Industrial Q Kentucky

Louisville industrial market no longer second-tier

Louisville industrial market no longer second-tier,ph01

Louisville’s strong industrial real estate market isn’t news today. It’s been booming for several years now.

And the best news? The Louisville area is showing no signs of an industrial slowdown anytime soon.

“This strong market is not unique to 2018,” said Matt Hartlage, senior vice president of brokerage with the Louisville office of JLL. “We have had a good run for the last couple of years.”

Why has Louisville’s industrial market been so strong for so long? There are several reasons. Hartlage pointts to the city’s prime location in the center of the country. Companies have the ability to reach two-thirds of the U.S. population in one day’s drive.

Louisville is also home to the UPS Worldport, a big advantage to businesses locating in the metropolitan area. The state of Kentucky boasts a pro-business government, too, something that attracts plenty of industrial activity.

The Louisville area also features two Ford manufacturing plants. GE operates a plant in the Louisville market.

“That UPS Worldport is so important,” Hartlage said. “Amazon Prime has made it to where we want it and we want it today. That flexibility for companies is significant. There are so many contributing factors as to why Louisville has such a strong commercial market.”

Cap rates matter, too. Today, cap rates tend to hover right below or above 6 percent for commercial properties in Louisville. That’s strong compared to markets on the East and West Coasts.

“I would have told you that we would never have seen a cap rate near 6 percent here,” Hartlage said. “But when investors are looking at the coasts, they are staring at 4 or 4.5 percent cap rates in the face. A city like Louisville that used to be a second-tier market is now attracting the attention of investors. They see the success we’ve had. Even in down markets, we’ve weathered the storm well.”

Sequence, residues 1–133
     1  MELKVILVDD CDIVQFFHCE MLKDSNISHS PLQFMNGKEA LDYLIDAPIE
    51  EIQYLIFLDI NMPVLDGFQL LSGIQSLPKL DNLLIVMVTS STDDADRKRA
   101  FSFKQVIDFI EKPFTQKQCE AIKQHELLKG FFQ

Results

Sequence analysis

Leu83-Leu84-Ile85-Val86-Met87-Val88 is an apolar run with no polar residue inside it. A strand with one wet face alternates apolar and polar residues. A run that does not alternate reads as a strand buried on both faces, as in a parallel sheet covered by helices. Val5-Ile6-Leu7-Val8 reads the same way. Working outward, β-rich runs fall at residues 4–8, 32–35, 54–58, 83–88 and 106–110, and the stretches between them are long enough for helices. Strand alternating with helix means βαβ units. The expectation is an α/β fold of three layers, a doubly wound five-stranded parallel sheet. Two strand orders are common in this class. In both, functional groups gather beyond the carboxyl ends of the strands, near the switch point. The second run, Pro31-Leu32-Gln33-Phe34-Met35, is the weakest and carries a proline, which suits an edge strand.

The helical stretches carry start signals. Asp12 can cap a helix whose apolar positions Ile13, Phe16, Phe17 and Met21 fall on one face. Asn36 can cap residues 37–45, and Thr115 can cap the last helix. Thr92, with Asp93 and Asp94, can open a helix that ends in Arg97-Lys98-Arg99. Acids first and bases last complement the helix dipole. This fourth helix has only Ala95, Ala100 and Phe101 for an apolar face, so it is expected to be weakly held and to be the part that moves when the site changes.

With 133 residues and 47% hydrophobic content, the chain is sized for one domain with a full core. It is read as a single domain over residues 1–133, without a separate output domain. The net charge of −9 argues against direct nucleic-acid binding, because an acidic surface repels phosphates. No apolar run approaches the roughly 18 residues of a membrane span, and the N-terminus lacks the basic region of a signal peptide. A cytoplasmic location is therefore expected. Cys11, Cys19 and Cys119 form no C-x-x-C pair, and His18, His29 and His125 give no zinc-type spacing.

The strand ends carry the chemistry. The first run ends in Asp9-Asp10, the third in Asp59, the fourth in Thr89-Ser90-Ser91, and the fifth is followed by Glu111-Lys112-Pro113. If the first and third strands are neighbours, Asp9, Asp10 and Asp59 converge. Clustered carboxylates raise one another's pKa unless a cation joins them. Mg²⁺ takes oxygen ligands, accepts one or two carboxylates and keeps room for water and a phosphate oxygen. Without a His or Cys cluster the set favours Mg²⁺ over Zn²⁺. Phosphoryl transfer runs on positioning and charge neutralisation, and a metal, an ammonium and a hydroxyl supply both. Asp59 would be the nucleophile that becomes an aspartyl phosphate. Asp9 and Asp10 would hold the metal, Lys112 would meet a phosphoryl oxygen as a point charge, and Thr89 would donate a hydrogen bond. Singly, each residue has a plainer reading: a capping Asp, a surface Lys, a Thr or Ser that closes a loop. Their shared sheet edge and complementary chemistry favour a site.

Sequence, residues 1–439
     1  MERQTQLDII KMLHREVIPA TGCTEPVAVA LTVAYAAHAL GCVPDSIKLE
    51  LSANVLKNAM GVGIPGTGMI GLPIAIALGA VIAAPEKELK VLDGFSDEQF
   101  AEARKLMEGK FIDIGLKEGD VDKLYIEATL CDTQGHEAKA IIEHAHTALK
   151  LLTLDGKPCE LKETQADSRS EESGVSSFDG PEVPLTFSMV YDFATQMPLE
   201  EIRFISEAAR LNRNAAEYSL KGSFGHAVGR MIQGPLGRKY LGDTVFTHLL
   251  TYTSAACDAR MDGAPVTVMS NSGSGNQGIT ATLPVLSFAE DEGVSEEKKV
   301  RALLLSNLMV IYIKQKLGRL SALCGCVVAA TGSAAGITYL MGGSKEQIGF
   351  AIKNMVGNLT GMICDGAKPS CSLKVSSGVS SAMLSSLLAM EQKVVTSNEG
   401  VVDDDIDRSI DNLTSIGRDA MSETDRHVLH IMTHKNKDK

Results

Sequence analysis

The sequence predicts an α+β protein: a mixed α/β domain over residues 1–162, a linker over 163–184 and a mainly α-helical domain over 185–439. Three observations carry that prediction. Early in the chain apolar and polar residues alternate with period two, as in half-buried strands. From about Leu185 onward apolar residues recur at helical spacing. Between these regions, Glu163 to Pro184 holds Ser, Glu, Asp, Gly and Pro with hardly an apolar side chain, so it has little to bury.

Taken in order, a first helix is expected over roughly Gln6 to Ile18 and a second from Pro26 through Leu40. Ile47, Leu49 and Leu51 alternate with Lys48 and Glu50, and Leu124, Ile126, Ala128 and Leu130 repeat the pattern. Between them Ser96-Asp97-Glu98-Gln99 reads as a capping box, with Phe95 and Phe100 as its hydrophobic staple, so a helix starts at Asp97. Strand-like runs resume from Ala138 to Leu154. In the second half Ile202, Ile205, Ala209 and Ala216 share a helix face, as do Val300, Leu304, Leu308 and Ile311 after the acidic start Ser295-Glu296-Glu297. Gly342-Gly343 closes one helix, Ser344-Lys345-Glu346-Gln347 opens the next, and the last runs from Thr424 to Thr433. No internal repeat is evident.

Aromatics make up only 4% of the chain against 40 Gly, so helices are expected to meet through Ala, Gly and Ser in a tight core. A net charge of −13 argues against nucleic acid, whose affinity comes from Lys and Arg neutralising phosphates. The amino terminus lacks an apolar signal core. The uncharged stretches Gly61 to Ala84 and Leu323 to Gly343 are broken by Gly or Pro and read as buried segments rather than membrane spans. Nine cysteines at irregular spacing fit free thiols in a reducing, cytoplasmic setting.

Developers recognize just how strong the Louisville industrial market is. That’s why in 2016, they added more than 6 million square feet of new industrial space, the majority of it spec, to the market. In 2017, developers brought just under 4.7 million square feet of industrial space to the market, with spec accounting for a significant portion of this new square footage.

Currently, just under 5 million square feet of industrial space is under construction in Louisville market, Hartlage said.

The strong market is attracting new developers to the market. Big players such as Opus and Exeter Property Group will always work in the Louisville region. But smaller developers, too, are now building their own industrial spaces in this market.

“You do have your bigger companies putting up the big bombers,” Hartlage said. “But some of the smaller developers have really spent time learning Louisville, understanding the market dynamics. They are digging deeper to find a 15-acre, 10-acre site to put up a smaller building. They appeal to a different type of tenant.”

When new industrial buildings do pop up in the Louisville market, they offer certain amenities that are becoming necessities. One of these is location. Hartlage said that many companies today want to locate in industrial space that sits close to amenities such as restaurants and shops.

“What amenities are nearby for employees?” Hartlage said. “Attracting top labor remains a challenge for industrial users. To attract employees, then, they need to offer them easy access to whatever makes their lives easier. Are they close to a drugstore or daycare? It’s important to offer quick access to things that make an employee’s life easier or more convenient.”

Industrial space needs to offer the right amenities, too, to attract tenants. This means plenty of trailer and auto parking. Clear heights matter, with most tenants today wanting ceiling heights of at least 36 feet.

How long will the demand for industrial space in Louisville remain so strong? That’s a big question.

“We have all been asking ourselves what is left on the runway,” Hartlage said. “I think the activity in the last 45 to 60 days has remained strong. The economy is still progressing nicely. Companies are still doing well. We still have companies looking to expand and grow.”